WASHINGTON -- Epiphanies are a dime a dozen among congressional Democrats as they discover urgent new reasons to experience the almost erotic pleasure of commandeering other people's money. For example, freshman Rep. Alan Grayson, a Florida Democrat whose district includes Disney World, was recently there and was inspired.
The world, he realized, would be a sweeter place if Congress mandated that all companies with 100 or more employees provide a week of paid vacation to those who work at least 25 hours a week. After three years, they would be entitled to two weeks, and companies with more than 50 employees would have to start providing a paid vacation week. Grayson would not mandate that paid vacations be spent at Disney World.
With the welfare state approaching insolvency and businesses sagging, this is an odd time to augment Americans' entitlement mentality. But the travel and tourism industries think Grayson's idea is neat.
Members of the Congressional Black Caucus want the Treasury Department to subsidize minority owners of broadcasting properties. The broadcasters are not "too big to fail" and so do not pose a "systemic risk," but, the representatives say, failures of minority broadcasters would diminish diversity.
Such government micromanagement of the economy is everywhere. The Washington Post recently reported that Richard Wagoner, the former CEO of General Motors who was removed by the government, remains on GM's payroll "because senior Treasury officials have yet to decide whether he should get the $20 million severance package that the company had promised him." His 2009 compensation -- $1 -- is payable on Dec. 31. The $20 million promised to him includes contractual awards, deferred compensation and pension benefits accrued over 32 years with the company. Promise-keeping, including honoring contracts, is the default position of a lawful society. But suddenly, many citizens' legal claims are merely starting points for negotiations with an overbearing government.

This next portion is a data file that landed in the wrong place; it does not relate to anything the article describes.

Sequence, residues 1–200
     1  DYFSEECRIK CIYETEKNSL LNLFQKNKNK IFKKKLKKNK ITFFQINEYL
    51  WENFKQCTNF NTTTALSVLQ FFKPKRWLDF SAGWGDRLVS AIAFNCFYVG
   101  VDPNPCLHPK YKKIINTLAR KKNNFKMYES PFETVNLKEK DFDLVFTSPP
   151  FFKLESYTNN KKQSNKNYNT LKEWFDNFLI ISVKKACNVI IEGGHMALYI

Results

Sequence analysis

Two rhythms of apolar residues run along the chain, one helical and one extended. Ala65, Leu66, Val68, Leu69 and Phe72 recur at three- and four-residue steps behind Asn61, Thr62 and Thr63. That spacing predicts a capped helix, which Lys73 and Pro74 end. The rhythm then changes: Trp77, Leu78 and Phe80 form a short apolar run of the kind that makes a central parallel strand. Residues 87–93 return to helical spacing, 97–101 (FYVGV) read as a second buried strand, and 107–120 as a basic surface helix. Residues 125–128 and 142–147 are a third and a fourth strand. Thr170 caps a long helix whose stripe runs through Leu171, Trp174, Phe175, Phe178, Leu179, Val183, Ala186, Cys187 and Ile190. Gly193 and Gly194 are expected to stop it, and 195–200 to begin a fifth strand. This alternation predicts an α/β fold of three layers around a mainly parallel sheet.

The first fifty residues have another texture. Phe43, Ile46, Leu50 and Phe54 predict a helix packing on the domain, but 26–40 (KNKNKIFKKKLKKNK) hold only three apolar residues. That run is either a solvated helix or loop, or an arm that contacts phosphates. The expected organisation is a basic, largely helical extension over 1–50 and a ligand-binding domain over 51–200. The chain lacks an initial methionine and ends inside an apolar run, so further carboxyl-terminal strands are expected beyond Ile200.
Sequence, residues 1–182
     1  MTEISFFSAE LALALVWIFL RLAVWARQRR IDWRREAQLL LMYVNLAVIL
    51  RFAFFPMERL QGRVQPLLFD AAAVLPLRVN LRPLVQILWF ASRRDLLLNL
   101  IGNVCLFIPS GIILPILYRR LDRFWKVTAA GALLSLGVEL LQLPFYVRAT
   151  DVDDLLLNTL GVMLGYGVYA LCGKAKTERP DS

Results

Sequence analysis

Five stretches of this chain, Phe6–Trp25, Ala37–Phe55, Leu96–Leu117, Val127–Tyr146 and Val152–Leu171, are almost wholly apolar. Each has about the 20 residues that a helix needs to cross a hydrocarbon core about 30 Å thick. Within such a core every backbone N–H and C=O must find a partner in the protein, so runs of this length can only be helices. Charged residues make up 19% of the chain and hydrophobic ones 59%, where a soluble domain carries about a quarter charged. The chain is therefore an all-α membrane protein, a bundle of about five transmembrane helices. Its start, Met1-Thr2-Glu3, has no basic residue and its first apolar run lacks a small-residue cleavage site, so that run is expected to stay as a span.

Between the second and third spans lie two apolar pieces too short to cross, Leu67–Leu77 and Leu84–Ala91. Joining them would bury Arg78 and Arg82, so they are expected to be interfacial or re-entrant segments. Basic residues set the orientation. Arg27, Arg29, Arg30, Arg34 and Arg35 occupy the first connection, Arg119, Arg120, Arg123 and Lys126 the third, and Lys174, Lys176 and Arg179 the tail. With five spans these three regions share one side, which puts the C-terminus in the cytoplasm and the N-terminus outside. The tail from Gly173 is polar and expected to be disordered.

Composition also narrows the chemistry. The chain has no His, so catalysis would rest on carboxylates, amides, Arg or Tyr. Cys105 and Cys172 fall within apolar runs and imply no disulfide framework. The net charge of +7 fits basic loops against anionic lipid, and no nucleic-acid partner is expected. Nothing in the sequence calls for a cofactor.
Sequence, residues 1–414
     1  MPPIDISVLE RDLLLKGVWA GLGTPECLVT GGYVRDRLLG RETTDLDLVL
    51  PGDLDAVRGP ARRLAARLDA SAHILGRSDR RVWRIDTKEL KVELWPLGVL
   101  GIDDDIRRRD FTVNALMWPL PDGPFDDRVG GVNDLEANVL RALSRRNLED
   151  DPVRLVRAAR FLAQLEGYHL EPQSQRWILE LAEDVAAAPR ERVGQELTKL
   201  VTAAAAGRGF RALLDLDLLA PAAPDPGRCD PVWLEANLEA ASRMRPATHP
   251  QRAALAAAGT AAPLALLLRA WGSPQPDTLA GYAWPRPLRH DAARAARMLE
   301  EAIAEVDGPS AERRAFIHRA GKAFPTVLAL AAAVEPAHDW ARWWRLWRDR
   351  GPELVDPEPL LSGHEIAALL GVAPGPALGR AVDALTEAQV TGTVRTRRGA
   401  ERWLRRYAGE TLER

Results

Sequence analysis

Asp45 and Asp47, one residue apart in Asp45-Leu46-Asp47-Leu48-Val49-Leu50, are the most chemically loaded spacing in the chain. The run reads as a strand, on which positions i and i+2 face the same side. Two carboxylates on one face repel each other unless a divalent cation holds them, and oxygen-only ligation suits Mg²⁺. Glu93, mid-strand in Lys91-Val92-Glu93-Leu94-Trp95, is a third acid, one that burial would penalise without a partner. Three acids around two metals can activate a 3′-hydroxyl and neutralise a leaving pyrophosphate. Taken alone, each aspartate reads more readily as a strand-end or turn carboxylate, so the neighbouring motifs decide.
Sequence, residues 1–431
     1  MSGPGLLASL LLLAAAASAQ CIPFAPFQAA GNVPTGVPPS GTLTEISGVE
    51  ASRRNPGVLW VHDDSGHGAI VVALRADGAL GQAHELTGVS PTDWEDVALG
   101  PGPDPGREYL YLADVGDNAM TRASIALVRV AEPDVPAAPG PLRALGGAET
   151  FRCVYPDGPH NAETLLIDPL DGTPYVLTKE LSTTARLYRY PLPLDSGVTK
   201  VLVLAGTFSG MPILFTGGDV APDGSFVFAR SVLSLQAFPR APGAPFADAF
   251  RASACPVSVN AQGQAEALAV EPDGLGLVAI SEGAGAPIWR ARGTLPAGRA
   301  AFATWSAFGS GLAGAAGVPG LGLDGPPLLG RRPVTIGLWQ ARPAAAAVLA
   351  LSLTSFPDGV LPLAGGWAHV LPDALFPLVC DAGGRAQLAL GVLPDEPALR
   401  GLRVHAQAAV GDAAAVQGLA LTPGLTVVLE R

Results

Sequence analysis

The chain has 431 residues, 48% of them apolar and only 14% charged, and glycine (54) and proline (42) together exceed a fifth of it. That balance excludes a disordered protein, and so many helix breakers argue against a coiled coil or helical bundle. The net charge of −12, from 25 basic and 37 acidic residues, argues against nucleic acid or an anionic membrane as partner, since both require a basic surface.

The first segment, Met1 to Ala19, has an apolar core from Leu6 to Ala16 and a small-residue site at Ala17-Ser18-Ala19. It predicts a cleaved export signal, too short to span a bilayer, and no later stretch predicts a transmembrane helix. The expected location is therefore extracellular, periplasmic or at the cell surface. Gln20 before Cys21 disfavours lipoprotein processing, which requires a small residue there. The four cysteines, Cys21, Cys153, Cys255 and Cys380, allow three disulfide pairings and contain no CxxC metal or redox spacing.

State governments, too, are expected to accept Washington's whims, but plucky Indiana is being obdurate. Gov. Mitch Daniels, alarmed by what he calls the Obama administration's "shock-and-awe statism," is supporting state Treasurer Richard Mourdock's objection to the administration's treatment of Chrysler's creditors, which include the pension funds for Indiana's retired teachers and state policemen, and a state construction fund. Together they own $42.5 million of Chrysler's $6.9 billion (supposedly) secured debt.
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